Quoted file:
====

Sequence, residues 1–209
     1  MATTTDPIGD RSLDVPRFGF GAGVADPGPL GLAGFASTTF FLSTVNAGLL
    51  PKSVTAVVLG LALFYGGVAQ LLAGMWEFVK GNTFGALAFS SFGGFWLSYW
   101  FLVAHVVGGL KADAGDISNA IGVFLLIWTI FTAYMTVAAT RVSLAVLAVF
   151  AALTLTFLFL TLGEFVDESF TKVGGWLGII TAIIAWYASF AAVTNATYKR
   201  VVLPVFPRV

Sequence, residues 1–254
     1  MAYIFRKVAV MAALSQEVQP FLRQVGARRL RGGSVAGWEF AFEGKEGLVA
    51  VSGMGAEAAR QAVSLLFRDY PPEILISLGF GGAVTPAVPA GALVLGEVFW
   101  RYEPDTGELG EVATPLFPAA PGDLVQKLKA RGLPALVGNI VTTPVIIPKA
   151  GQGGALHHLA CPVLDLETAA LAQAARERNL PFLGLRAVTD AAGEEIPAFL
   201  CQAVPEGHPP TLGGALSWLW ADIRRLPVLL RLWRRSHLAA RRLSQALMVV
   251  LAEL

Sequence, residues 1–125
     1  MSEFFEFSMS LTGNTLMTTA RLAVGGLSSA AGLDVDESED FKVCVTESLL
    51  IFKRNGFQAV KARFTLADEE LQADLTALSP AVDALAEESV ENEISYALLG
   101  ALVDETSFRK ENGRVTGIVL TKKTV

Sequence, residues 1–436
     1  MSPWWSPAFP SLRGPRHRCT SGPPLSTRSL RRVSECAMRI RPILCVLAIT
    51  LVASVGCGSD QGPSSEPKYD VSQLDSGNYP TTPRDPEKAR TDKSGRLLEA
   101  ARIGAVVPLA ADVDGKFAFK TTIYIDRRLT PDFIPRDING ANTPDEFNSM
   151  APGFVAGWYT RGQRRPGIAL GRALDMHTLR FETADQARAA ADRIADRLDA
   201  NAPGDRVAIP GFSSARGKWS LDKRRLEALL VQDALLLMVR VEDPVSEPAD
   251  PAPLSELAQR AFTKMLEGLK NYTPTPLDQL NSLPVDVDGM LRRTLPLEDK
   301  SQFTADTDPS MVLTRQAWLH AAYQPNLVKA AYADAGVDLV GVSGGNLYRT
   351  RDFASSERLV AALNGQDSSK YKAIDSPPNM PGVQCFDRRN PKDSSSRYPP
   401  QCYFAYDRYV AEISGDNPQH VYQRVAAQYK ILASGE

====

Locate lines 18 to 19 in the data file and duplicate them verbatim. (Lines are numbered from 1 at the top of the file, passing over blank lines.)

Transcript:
Sequence, residues 1–436
     1  MSPWWSPAFP SLRGPRHRCT SGPPLSTRSL RRVSECAMRI RPILCVLAIT